Ticket scalping exists, because it’s highly profitable. Concert tickets, for example, can easily be sold for at least twice as much as the original asking price (as long as local laws do not forbid such mark-ups). In fact, using a ticket bot is so profitable that the entire industry, according to Forbes, is worth about $16 billion.
Since a single ticket bot can buy out so much stock, they can pretty much set any price they want. There is usually no way for the ticketing provider to get more stock, making the process even more effective.
As a result, regular customers turn to buying tickets from botters. Since there is no stock available anywhere else, they have to buy tickets at whatever the asking price botters set. In turn, that promotes the usage of a ticket bot, which sets the entire thing back into motion.
While the process may seem exceedingly simple, ticketing with a bot isn’t cheap or easy. Again, due to the profitability of the industry, ticket bot developers usually charge exorbitant prices for licenses.
Additionally, there’s a lot of secondary requirements for ticketing. Most ticketing websites limit the amount of tickets that can be bought per account, household, or address. Creating many accounts is required to bypass that limit.
Ticketing sites, however, aren’t dumb. They realize that people will buy tickets using bots. As a result, they track IP addresses. If the same IP address is used for many accounts or purchases, it’s a clear indicator that someone is ticketing with a bot. As a result, a ticket seller has an easy time banning such a user.
Bypassing that restriction is possible with the use of proxies. In fact, without proxies, ticketing websites would be able to detect and ban all bots.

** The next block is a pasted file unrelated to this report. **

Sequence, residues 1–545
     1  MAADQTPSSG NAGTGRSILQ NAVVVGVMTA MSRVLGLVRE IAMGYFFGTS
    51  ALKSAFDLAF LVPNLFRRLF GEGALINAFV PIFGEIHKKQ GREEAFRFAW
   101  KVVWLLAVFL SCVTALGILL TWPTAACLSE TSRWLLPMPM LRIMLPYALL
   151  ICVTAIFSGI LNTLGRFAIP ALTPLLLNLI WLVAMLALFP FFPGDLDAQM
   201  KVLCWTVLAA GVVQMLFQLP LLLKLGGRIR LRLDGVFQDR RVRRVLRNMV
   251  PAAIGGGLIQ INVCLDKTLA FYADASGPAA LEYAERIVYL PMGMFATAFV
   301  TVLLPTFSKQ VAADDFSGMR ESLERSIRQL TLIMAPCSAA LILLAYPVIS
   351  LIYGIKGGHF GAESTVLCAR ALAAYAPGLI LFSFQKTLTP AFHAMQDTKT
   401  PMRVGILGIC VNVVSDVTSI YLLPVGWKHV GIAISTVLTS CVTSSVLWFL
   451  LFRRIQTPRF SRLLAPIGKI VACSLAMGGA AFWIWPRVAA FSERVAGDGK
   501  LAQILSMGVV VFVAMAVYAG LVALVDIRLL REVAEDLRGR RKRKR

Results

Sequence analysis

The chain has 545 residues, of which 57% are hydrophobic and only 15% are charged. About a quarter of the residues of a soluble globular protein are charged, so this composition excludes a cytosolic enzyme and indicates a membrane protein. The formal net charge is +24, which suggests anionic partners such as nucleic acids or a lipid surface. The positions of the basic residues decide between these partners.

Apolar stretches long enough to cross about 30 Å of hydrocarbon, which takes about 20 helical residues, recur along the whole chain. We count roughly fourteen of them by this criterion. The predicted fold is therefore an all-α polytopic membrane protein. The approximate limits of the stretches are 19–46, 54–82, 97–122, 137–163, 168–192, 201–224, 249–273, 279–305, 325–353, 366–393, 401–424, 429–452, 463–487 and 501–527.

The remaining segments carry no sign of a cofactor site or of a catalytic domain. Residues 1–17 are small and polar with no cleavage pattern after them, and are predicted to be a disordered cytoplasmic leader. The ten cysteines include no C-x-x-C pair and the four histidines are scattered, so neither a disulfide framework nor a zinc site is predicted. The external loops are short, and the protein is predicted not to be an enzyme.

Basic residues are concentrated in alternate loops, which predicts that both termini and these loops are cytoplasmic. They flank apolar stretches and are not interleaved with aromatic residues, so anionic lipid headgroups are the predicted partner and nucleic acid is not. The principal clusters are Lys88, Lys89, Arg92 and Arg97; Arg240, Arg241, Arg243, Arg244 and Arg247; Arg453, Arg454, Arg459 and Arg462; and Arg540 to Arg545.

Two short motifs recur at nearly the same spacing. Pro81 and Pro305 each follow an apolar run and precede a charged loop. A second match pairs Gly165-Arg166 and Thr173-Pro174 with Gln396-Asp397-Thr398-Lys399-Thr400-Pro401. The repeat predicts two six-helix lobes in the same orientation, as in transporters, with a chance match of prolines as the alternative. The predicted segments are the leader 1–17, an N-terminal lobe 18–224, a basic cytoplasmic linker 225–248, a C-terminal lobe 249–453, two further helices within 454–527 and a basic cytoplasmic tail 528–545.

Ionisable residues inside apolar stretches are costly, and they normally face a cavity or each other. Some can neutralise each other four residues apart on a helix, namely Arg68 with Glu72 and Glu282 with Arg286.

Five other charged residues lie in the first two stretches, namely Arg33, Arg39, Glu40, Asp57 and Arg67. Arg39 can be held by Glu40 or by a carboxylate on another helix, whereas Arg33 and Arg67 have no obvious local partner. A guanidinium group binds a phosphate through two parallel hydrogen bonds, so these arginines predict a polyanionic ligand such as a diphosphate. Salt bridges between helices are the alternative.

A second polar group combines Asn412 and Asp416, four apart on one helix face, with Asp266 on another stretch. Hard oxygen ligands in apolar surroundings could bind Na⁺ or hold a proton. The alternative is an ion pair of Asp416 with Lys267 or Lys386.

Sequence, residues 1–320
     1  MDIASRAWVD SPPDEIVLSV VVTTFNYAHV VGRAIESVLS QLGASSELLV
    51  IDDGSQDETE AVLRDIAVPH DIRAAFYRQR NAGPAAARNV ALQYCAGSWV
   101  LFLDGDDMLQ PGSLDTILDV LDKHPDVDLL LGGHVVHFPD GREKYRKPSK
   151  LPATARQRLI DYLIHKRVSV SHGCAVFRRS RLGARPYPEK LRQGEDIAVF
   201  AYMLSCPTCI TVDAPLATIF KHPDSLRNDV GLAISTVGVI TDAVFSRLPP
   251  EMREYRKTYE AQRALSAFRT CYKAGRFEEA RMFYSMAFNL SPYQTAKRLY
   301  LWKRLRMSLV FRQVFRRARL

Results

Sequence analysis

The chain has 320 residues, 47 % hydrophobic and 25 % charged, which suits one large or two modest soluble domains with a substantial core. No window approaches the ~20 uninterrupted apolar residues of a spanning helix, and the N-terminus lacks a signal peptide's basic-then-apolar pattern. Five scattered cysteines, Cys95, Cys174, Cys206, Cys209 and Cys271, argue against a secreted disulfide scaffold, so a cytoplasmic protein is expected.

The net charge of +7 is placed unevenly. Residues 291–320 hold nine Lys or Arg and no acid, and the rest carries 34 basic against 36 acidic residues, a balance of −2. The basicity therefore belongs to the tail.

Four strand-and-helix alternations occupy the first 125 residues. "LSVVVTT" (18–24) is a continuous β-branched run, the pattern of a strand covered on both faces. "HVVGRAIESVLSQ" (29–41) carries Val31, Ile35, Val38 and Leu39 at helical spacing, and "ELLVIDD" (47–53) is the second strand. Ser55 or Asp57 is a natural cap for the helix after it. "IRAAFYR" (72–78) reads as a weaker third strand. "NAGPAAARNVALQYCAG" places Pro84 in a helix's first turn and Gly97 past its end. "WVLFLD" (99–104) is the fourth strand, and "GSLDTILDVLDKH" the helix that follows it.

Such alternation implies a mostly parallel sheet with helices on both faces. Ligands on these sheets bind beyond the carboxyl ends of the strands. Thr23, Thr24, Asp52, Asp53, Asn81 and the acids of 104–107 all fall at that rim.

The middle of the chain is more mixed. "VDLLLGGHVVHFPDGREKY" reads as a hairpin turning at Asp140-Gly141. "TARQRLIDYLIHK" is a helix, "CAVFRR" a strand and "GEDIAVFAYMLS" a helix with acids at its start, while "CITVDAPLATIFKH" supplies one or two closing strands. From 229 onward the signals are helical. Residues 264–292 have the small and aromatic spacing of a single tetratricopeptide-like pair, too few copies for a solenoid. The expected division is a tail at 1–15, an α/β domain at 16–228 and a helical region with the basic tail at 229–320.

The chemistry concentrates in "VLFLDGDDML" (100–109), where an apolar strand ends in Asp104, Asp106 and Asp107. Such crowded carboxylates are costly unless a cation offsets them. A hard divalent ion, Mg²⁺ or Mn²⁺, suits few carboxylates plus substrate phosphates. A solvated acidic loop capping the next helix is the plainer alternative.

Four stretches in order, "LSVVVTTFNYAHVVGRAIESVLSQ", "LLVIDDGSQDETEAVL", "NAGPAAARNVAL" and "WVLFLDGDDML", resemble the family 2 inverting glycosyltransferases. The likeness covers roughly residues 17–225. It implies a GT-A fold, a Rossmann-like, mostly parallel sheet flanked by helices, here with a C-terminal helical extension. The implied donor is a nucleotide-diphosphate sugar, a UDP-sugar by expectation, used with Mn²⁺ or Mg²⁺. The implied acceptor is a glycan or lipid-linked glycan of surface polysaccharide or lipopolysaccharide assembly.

Proxies and buying tickets
Proxies are intermediary servers that take the traffic from the source and deliver it to the destination. While there are many aspects to it, the most important one is that it changes the IP address that the destination website sees.
In our case, ticketing websites would see the IP address of the proxy server instead of the real one. As a result, detecting whether a ticketing bot is in use would be nearly impossible if enough proxies are in use.
Of course, a large enough IP pool is required, because any small discrepancy could cause the ticketing website to notice the overuse of an address. Usually, ticketing botters set up rotating proxies and assign a random IP address for each account.
While there are different types, most ticket bots use residential proxies. These are IP addresses acquired from household devices. They get their IPs from an Internet Service Provider. As such, they seem like genuine visitors to ticketing websites, making it even harder to detect bot action.
Just getting residential proxies isn’t enough for ticketing, however. As mentioned above, a large enough pool is required to reduce the likelihood of using the same IP address. Additionally, highly customizable location settings are preferred. These can be used to reduce load times by finding out the ones closest to the ticketing website’s servers and to bypass geographical restrictions.
Buying tickets with bots is the name of the game nowadays. It can be a powerful tool for someone looking to start a venture and for those looking to just grab entry to venues.
They are, however, just one piece of the puzzle for anyone looking to do ticketing at a large scale. The other piece is sourcing high-quality residential proxies that will protect the user from a ban.